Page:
# Infection in a village

Consider the following problem:

Suppose a lonely wanderer infected with a virus came into an isolated village with $$M$$ villagers and stayed there. Every week each of the infected villagers coughs onto $$n$$ random other villagers (each of them chosen uniformly and independently among everyone) and then develops antibodies becoming immune to it. All villagers who are coughed upon become infected if they are not immune. Nobody left or entered the village after the arrival of the lonely wanderer. Consider time to be discrete and measured in weeks. We say, that the virus survives as long as someone is infected with it. For what $$n$$ is the expected time of its survival the longest?

The extremum clearly is not achieved in the border cases here.

Indeed, if $$n = 0$$ the lonely wanderer becomes immune before being able to infect anyone else, thus the virus will survive only for $$1$$ week.

If $$n \to \infty$$ the probability that the lonely wanderer infects everyone in the first week tends to $$1$$. Thus the expected time of the survival of the virus tends to $$2$$ in this case.

So, we must look for optimal $$n$$ somewhere in between. However, I have no idea how to find it (or even its asymptotic for large $$M$$)…

At the first glance the problem looked to be somewhat similar to two well studied problems: branching processes (villagers infected by a given infected villager - their descendants in terms of branching processes) and coupon collector problem (uninfected villagers as coupons to be collected). However, it is different from both of them (the number of ‘descendants’ changes each turn here, which makes it different from a Galton-Watson branching process, and the number of ‘coupons collected per turn’ depends on the number of ‘coupons collected on the previous turn’, which makes it different from a classical coupon collector) and methods, similar to the ones used to solve them, are unlikely to work here.

• How many infected villagers are there at the beginning produced by the presence of the wanderer? Should it be assumed as a random variable? – the_candyman Oct 15 '20 at 14:06
• @the_candyman, in the first week it is just the wanderer who stays in the village after arriving there and is since then considered to be one of the villagers. After it, the infection spreads by a rule defined in the body of the question. – Yanior Weg Oct 15 '20 at 14:12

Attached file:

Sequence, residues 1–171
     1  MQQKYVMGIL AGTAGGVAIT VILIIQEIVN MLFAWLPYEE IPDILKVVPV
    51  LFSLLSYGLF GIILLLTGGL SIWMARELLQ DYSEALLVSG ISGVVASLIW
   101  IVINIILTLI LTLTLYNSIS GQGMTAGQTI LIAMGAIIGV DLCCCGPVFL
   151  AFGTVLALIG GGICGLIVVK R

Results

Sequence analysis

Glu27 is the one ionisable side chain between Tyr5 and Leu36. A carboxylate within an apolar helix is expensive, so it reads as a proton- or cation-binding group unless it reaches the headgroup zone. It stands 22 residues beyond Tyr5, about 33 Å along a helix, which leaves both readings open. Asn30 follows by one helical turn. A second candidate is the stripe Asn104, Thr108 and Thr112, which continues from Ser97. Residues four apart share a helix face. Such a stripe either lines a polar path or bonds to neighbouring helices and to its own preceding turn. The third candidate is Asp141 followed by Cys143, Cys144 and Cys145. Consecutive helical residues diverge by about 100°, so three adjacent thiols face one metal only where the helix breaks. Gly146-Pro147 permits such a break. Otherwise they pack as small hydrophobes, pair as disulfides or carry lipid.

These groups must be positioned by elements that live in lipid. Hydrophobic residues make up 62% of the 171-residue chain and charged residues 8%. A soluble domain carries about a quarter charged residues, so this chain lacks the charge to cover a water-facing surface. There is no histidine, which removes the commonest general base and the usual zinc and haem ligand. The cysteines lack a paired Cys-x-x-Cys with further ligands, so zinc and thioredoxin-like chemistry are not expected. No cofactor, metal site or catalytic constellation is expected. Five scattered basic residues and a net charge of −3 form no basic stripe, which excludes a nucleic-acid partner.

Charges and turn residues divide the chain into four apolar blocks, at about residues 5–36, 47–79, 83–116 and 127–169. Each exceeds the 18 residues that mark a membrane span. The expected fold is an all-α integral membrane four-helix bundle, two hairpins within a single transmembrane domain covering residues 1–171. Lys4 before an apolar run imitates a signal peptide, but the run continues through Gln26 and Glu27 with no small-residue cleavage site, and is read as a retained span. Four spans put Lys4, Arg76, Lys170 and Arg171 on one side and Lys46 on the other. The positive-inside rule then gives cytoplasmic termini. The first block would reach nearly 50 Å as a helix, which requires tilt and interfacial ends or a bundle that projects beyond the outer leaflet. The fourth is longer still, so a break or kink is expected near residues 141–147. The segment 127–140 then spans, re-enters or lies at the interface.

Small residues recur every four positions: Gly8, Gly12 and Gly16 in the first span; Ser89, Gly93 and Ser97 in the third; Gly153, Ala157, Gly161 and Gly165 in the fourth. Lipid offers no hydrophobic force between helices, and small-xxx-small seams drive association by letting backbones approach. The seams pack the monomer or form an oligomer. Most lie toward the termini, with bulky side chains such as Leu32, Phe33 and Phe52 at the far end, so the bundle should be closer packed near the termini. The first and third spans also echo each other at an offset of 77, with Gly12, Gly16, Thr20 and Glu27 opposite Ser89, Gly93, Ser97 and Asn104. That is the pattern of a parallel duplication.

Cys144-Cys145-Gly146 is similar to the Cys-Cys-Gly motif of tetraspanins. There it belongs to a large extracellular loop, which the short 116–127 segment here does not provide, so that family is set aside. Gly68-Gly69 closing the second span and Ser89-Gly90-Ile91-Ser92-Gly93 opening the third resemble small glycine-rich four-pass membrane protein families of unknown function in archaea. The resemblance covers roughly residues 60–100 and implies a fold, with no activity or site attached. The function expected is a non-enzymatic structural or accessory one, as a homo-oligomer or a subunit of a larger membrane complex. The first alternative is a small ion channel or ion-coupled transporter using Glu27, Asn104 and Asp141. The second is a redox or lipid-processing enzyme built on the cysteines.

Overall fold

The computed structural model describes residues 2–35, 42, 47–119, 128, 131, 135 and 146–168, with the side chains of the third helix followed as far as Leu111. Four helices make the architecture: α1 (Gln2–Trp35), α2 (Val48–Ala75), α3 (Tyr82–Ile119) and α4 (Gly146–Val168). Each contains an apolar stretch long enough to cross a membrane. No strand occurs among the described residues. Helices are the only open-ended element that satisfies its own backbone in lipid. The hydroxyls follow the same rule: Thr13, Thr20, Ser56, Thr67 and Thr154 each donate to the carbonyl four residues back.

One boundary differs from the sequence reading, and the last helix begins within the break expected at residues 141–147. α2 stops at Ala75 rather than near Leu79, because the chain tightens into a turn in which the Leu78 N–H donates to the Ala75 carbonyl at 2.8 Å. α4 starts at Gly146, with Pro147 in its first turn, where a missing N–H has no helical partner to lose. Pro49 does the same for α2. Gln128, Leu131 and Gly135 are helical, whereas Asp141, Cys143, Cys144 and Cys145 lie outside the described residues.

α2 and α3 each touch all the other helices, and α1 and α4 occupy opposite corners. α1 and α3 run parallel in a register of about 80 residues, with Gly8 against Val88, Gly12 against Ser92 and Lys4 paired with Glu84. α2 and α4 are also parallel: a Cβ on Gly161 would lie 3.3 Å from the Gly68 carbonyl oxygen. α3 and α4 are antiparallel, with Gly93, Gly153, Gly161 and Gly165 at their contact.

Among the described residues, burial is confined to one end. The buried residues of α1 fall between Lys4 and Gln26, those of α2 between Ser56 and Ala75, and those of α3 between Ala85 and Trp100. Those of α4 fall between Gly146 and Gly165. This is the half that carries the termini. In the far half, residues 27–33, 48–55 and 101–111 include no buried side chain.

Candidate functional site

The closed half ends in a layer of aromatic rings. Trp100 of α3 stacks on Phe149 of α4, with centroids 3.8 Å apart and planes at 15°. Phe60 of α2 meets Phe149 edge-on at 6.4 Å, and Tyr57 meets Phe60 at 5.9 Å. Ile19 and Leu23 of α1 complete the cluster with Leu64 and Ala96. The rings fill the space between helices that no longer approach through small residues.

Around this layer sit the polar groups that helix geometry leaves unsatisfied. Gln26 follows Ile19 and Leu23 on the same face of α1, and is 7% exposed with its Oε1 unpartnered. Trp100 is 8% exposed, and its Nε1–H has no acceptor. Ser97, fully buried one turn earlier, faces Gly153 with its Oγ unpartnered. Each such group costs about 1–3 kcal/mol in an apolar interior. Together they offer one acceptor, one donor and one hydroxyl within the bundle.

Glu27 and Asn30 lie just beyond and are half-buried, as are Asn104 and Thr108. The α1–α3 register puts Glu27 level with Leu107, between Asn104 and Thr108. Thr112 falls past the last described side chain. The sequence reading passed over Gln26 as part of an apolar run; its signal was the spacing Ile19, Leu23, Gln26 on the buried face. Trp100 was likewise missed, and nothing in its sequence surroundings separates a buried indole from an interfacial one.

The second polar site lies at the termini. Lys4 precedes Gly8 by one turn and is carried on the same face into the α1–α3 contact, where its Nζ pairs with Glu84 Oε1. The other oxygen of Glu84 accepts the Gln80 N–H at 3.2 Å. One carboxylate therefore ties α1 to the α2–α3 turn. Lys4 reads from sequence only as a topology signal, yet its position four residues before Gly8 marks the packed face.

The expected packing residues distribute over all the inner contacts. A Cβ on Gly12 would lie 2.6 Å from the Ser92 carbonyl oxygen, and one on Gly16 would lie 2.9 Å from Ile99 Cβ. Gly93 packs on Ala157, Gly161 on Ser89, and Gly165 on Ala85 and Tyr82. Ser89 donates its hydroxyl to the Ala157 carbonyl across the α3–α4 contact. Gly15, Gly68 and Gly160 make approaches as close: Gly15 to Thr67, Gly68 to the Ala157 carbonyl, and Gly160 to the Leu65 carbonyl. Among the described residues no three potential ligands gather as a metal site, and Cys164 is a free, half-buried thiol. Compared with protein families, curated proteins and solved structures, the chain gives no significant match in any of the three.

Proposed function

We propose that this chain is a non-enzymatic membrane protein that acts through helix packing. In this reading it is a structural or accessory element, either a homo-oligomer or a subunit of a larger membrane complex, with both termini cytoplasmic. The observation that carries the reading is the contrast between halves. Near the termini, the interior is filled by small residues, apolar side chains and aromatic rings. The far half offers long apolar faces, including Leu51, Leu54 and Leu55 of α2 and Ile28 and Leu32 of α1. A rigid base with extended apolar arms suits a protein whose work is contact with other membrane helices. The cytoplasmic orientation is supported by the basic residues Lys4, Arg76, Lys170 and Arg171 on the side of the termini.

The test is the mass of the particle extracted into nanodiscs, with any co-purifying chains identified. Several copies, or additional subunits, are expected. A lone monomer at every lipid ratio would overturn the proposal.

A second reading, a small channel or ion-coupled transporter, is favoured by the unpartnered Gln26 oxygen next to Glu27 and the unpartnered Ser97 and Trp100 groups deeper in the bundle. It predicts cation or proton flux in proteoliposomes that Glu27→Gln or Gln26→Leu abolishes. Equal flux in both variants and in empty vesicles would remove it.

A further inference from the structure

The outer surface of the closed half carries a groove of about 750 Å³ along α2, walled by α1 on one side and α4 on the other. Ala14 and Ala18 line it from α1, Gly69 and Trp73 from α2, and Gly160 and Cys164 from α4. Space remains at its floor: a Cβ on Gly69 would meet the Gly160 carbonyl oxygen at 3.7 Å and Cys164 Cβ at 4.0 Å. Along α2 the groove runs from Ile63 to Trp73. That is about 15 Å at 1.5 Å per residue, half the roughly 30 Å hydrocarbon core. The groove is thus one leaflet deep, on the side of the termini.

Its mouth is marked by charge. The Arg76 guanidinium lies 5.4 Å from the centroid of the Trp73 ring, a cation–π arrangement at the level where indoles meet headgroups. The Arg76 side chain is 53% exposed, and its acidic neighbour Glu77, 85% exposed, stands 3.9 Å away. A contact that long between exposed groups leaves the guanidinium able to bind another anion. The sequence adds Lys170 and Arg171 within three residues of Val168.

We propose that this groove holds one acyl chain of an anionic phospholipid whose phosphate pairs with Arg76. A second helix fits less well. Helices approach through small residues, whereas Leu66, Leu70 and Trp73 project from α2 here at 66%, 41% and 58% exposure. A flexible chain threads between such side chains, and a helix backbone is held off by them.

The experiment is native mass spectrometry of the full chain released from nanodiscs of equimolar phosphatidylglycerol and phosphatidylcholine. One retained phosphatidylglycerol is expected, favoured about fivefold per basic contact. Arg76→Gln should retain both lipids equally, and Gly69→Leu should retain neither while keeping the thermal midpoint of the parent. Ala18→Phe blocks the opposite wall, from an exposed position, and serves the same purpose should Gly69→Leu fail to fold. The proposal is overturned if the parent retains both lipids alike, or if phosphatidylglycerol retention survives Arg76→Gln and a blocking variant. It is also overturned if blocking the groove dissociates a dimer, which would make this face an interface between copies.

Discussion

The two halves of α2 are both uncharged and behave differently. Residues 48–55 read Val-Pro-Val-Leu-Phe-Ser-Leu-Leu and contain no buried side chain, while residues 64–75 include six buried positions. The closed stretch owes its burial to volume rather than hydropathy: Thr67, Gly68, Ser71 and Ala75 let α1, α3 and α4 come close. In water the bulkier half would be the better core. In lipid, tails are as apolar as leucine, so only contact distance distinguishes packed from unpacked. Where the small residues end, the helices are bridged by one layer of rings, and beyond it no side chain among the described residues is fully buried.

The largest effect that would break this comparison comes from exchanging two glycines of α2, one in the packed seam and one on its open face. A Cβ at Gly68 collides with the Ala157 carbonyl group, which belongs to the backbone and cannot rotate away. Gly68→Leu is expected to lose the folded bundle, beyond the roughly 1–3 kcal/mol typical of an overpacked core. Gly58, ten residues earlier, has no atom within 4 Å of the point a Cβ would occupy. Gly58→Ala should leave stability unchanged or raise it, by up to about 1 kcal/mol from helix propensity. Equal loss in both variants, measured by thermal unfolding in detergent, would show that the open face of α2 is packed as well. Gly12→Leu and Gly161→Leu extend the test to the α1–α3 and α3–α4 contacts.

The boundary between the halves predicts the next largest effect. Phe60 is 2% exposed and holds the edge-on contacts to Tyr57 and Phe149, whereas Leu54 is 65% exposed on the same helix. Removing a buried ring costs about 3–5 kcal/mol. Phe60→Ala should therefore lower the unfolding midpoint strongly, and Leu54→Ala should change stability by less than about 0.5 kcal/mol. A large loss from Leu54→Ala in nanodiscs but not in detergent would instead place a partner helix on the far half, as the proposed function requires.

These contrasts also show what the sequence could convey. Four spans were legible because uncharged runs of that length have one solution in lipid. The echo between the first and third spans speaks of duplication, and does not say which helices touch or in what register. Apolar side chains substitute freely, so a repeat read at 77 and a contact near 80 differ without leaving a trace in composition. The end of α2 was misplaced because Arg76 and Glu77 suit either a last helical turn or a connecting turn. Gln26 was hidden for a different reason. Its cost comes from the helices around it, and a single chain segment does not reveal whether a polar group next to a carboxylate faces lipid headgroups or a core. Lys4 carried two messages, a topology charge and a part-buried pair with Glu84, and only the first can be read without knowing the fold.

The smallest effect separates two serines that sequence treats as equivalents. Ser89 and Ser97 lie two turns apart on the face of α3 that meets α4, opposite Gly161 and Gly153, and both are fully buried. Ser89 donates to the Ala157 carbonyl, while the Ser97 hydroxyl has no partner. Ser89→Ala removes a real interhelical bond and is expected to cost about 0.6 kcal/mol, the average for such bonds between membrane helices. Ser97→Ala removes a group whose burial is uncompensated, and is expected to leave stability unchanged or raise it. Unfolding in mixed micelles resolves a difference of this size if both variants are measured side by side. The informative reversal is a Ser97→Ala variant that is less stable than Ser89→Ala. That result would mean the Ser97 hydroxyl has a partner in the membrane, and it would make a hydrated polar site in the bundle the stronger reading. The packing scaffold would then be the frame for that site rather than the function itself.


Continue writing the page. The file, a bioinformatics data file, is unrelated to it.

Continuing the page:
• Suppose an infected villager $A$ coughs onto other villagers but is also coughed upon by some other infected villager. Does $A$ become immune afterwards or does he stay infected till there's a week where $A$ coughs but isn't coughed upon? – Prasun Biswas Oct 15 '20 at 14:19
• @PrasunBiswas, $A$ becomes immune in a week after being infected for the first time. – Yanior Weg Oct 15 '20 at 14:26
• What exactly do you mean by "$n$ random other villagers". Are they assumed to be distinct? – user Jan 13 at 16:05

This answer uses programming to solve the above question, using principles from probability and Markov chains. No closed mathematical formula is provided, although results are shown for $$m < 100$$ and curve fitting is used to estimate the average survival time for larger numbers.

Initially, I simulated $$1000$$ runs of different configurations for $$3 \lt m \lt 100$$ and $$0 \leqslant n \leqslant 4$$, plotting the results using $$95$$% confidence intervals:

For the configuration in which $$n = 1$$, we find that, with $$X$$ being the week in which the disease last makes a new victim, the following probabilities apply:

$$\begin{cases} P(X = 1) = \frac{1}{m} \\ P(X = x) = \frac{m}{x - 1} \frac{m - x + 1}{m} \frac{x}{m} P(X = x - 1) \end{cases} \iff P(X = x) = \frac{x}{m^x} \frac{(m - 1)!}{(m - x)!}$$

For $$n > 1$$, Markov chains can be used. For any combination of $$m, n$$, let us define a state $$\{k, l, w\}$$ as a tuple containing the number of immune people $$k$$, the number of infectuous people $$l$$ and the current week $$w$$, with $$k + l \leqslant m + 1$$. From this state, we can transition to any of the states $$\{k + l, 0, w + 1\}, \{k + l, 1, w + 1\}, \ldots, \{k + l, \min(n l, m + 1 - k - l), w + 1\}$$.

The probability of each possible state transition can be calculated using recursion. The probability that $$l$$ infectuous people affect $$0 \leqslant p \leqslant \min(n l, m + 1 - k - l)$$ while $$k$$ people are immune, can be determined by first considering all possible actions of a single person. This person coughs onto $$n$$ random people, infecting $$i \leqslant \min(n, p)$$ people. To do so, this person must randomly choose $$i$$ healthy people and $$n - i$$ immune people, which happens with probability:

$$P(i) = \underbrace{\frac{m - k - l + 1}{m} \frac{m - k - l}{m - 1} \cdots \frac{m - k - l - i + 2}{m - i + 1}}_{\text{healthy people}} \\ \underbrace{\frac{k + l - 1}{m - i} \frac{k + l - 2}{m - i - 1} \cdots \frac{k + l - n + i}{m - n + 1}}_{\text{immune people}} {n \choose i}$$

Using this expression, the probability that a total of $$p$$ people are infected from a given state $$\{k, l, w\}$$ can be written as: